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New study suggests patent trolls really are killing startups

mpicpp (3454017) writes | about 2 months ago

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mpicpp (3454017) writes "Heavy patent litigation scared off about $22 billion in VC funding over 5 years.

Patent reform advocates have long argued that "patent trolls"—companies that do nothing but sue over patents—are harmful to innovation, not just a plague on big companies. A new study attempted to find out if there's any real data behind that accusation or if it's just a few sad anecdotes.

Turns out there is a very real, and very negative, correlation between patent troll lawsuits and the venture capital funding that startups rely on. A just-released study [PDF] by Catherine Tucker, a professor of marketing at MIT's Sloan School of Business, finds that over the last five years, VC investment "would have likely been $21.772 billion higher... but for litigation brought by frequent litigators."

The study defines "frequent litigators" as companies that file 20 or more patent lawsuits, which limits the definition to true-blue "patent trolls," or Patent Assertion Entities (PAEs), the term used by the paper. The study covers the period from 1995 to 2012.

Tucker's paper estimates a 95 percent confidence interval for the amount of lost investment to be between $8.1 billion and $41.8 billion. Those numbers are relative to a baseline of just under $131 billion of investment that actually occurred during that five-year period time."

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Introducing the newest tactic for governments to raise cash

schwit1 (797399) writes | about 2 months ago

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schwit1 (797399) writes "Each of the 50 states has its own regulations pertaining to the seizure of dormant bank accounts. Georgia’s Disposition of Unclaimed Properties Act sets the threshold as low as one year. In other words, if you have a checking account in Georgia that you haven’t touched in twelve months, the state government is going to grab it.

So much for setting aside money for a rainy day and having the discipline to never touch it. If you’ve locked away money for your children’s savings or unforeseen emergencies, your government might be sharpening its knives ready to dig in.

First, it calls into question the fundamental principle of private property. How can something be yours if the state can legislate its authority to seize it? And even if the account holder has long since passed, shouldn’t the funds, by default, be awarded to the survivors nominated in accordance with the instructions in his/her last will and testament? It is a rather ignoble act indeed to set aside the wishes of the dead so that the state can have yet another resource to plunder. More concerning, though, is that if the state can simply legislate its authority to seize dormant bank accounts, then they can just as easily lower the bar.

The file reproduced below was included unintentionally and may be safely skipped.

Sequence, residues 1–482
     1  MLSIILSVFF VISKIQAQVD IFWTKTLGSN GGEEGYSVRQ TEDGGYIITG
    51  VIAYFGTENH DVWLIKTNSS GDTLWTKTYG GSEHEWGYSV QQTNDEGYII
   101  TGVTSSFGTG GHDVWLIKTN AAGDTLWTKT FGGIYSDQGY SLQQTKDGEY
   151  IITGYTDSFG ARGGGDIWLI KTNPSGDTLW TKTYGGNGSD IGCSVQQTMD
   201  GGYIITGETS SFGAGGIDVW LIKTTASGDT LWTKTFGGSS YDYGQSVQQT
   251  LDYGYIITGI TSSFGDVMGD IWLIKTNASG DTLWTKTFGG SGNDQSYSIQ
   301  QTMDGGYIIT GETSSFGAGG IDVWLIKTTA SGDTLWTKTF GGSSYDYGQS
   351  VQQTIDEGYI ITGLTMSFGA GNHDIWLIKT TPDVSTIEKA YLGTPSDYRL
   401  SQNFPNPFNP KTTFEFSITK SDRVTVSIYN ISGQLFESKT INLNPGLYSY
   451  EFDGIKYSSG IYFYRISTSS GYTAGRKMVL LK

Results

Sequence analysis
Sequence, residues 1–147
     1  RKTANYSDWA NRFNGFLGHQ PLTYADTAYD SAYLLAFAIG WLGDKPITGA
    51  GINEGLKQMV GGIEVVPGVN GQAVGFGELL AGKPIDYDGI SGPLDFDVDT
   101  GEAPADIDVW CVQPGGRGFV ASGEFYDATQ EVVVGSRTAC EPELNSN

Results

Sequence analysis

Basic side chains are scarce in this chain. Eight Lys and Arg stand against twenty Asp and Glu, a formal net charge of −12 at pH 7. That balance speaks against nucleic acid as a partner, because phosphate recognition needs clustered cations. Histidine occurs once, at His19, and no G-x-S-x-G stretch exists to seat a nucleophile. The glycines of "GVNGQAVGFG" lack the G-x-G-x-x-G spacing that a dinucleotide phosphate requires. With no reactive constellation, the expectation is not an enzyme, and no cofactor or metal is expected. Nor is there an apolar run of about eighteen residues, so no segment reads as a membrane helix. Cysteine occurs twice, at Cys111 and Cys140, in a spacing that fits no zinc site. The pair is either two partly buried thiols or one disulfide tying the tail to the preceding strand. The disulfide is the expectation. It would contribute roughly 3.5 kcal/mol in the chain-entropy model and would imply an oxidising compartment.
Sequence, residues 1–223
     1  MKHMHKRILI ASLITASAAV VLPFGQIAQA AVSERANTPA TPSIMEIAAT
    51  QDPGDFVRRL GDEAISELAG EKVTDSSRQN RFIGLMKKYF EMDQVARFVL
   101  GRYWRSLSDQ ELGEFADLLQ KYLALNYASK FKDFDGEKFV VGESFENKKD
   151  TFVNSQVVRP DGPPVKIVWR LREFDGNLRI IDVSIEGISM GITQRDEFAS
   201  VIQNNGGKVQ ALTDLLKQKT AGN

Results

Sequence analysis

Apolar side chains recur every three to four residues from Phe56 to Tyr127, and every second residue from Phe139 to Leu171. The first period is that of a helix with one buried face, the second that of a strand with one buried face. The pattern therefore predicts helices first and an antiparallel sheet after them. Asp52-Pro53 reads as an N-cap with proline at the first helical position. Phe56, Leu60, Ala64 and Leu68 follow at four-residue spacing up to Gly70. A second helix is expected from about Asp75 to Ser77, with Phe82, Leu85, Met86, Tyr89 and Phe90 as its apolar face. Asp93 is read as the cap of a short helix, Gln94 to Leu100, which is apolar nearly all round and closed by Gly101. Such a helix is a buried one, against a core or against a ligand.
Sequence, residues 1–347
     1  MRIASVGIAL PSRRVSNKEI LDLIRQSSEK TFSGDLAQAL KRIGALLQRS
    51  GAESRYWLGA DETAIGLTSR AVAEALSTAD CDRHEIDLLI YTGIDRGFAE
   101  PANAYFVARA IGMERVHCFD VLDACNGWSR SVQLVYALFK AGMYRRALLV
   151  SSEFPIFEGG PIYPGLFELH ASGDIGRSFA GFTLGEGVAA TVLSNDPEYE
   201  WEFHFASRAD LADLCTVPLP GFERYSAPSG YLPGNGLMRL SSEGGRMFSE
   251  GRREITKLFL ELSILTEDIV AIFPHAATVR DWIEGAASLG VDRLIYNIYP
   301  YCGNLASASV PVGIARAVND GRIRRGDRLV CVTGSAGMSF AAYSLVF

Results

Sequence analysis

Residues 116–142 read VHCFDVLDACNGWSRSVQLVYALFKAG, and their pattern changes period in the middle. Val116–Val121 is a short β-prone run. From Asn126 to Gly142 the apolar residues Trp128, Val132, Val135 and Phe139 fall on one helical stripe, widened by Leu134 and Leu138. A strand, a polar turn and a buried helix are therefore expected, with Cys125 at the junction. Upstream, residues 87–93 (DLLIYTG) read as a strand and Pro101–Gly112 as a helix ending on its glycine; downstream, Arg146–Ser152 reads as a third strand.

It’s just another example of how the entire system is rigged against the individual and all the more reason to divorce oneself from it. Physical gold, anyone?"

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Wolfenstein: The New Order Review (The Gamer's Lounge)

kube00 (1768000) writes | about 2 months ago

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kube00 (1768000) writes "Wolfenstein: The New Order was a pleasant surprise to most gamers. Wolfenstein has a long history tied into the past and present of what defines modern gaming. But there is something about this series, it is like an old friend that comes over once and awhile out. What is it about this FPS that is so compelling? The Gamers Lounge is happy to report Wolfenstein: The New Order is a good game and offers something a little different than the standard FPS's on the market."
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Cable companies duped community groups into fighting net neutrality

walterbyrd (182728) writes | about 2 months ago

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walterbyrd (182728) writes "Last week, it transpired that the big cable companies were bankrolling fake consumer groups like Broadband for America and The American Consumer Institute. These "independent consumer advocacy groups" are, in truth, nothing of the sort, and instead represent the interests of its benefactors, in the fight against net neutrality. If that wasn't bad enough, VICE is now reporting that several of the real community groups (oh, and an Ohio bed-and-breakfast) that were signed up as supporters of Broadband for America were either duped into joining, or were signed up to the cause without their consent or knowledge."
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Uber protests snarl traffic in Paris, Madrid

mpicpp (3454017) writes | about 2 months ago

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mpicpp (3454017) writes "Uber Technologies Inc., the ride-service company that's rankling cabbies across the U.S., is fighting its biggest protest yet from European drivers who say the smartphone application threatens their livelihoods.

Traffic snarled in parts of Madrid and Paris Wednesday, with a total of more than 30,000 taxi and limo drivers from London to Berlin blocking tourist centers and shopping districts. They are asking regulators to apply tougher rules on San Francisco's Uber, whose software allows customers to order a ride from drivers who don't need licenses that can cost $270,000 apiece."

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The Government Can No Longer Track Your Cell Phone Without a Warrant

Jason Koebler (3528235) writes | about 2 months ago

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Jason Koebler (3528235) writes "The government cannot use cell phone location data as evidence in a criminal proceeding without first obtaining a warrant, an appeals court ruled today, in one of the most important privacy decisions in recent memory.
"In short, we hold that cell site location information is within the subscriber’s reasonable expectation of privacy," the United States Court of Appeals for the Eleventh Circuit ruled. "The obtaining of that data without a warrant is a Fourth Amendment violation.""